And it’s not like I’m not trying. It just ain’t happening. Yet.
I always have a long (mental) to do list of what I should try/learn/do.
Recently I accomplished:
Newsletter sign-up form for my website. It wasn’t too hard, but took some research and figuring out because I can never seem to get something right off the bat the first time.
Went to a writer’s workshop-all day. That involved finding the place–always a challenge for me to find a new place in Scottsdale. And meeting entirely new people–which I did, and wondering if I would end up eating lunch alone–which I didn’t.
Reset the theme of my blog/website.
What else I think I should/need/can do:
Add buttons to website where my book can be purchased on different websites where it is available.
Work on deep edits to Another Place…
Decide whether to query an agent, which case I have to:
Research agents specific to my genre
Formulate perfect query letters specifically to the requirement of each agent which includes a synopsis of a certain amount of pages (varies), a few hook paragraphs to get the agent to believe this is the best thing to cross their desk all year, a bio (which I need to redo) and a few other things.
OR should I keep going indie?
Decide about book covers (again) in case that’s why I’m not getting sales (who knows?)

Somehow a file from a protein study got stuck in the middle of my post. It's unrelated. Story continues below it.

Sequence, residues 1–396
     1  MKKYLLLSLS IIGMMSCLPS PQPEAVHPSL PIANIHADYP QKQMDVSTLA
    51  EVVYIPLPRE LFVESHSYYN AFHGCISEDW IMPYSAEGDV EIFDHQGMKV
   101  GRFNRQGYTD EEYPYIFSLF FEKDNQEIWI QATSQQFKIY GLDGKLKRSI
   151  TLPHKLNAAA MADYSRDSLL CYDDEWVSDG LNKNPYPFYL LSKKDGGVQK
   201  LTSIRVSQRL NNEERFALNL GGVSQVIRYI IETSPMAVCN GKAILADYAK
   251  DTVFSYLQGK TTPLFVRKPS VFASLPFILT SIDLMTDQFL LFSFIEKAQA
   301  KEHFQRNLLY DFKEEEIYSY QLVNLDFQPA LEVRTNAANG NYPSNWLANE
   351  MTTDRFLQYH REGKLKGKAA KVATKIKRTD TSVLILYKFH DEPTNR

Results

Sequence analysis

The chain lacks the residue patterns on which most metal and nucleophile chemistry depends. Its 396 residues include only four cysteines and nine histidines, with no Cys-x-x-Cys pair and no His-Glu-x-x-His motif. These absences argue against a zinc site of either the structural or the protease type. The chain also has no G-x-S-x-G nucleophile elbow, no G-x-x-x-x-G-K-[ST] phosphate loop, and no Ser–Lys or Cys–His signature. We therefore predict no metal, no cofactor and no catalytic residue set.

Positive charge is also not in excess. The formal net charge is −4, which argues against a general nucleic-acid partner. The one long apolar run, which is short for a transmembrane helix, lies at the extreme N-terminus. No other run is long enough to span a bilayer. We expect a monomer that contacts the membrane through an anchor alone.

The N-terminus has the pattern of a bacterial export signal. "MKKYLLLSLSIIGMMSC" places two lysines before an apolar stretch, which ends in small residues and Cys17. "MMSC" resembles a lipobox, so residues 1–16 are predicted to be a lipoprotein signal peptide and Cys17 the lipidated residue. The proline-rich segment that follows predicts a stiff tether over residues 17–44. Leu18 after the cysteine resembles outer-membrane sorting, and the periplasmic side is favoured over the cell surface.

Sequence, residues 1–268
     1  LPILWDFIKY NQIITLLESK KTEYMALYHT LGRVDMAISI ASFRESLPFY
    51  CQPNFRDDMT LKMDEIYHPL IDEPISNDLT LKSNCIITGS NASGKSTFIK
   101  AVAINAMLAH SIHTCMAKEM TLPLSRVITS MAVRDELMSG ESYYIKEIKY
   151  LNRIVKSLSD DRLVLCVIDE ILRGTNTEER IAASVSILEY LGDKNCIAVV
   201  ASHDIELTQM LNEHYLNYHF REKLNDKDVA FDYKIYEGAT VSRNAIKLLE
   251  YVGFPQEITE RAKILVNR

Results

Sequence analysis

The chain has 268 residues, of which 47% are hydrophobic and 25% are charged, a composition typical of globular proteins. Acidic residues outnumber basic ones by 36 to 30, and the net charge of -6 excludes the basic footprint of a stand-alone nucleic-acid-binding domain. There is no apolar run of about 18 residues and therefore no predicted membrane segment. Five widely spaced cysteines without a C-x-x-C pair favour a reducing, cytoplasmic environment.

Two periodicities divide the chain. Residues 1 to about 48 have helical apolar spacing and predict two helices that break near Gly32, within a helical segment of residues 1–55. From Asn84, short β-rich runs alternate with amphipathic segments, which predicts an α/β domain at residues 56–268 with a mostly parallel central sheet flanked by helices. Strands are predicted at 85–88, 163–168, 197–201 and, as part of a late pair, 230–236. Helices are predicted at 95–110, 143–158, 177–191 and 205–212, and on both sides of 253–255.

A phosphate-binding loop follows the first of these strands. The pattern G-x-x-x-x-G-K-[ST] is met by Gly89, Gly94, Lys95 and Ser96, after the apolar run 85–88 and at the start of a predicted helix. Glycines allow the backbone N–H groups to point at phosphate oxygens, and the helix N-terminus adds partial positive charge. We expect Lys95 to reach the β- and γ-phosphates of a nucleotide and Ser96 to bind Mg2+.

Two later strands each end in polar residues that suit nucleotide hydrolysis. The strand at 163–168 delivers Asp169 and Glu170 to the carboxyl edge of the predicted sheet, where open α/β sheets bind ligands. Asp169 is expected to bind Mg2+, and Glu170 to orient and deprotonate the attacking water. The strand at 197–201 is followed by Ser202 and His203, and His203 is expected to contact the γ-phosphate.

Keep working on Potholes, my newest novel.
Begin revising/rewriting Places Bright and Dark (Lilyland 2)
Begin writing Lilyland 3.
Find a way to get involved with several author or writer/author communities I joined.
Decide the most effective way to spend the little budget I’m allotting to promotion.
And a lot of other things.
Someone recently commented that I live in a fantasy world. If I believed that, I wouldn’t have to work so hard. I live in a business world where I am trying to sell a carefully and lovingly crafted product that is but one in a vast ocean of like products in an industry that is in flux and confused. I’m not a business person by nature. But along with all the technology that goes into indie publishing, I have to learn business, too.
But I have to believe in myself, my skill, my stories. I have to keep improving at everything. It’s easy to get discouraged when I don’t see books selling and when I’m not making any money. When all I can be seen doing is wearing out the keyboard of my laptop.
But I’ve spent years at jobs that ended unhappily. This is the hard work I’d rather be doing.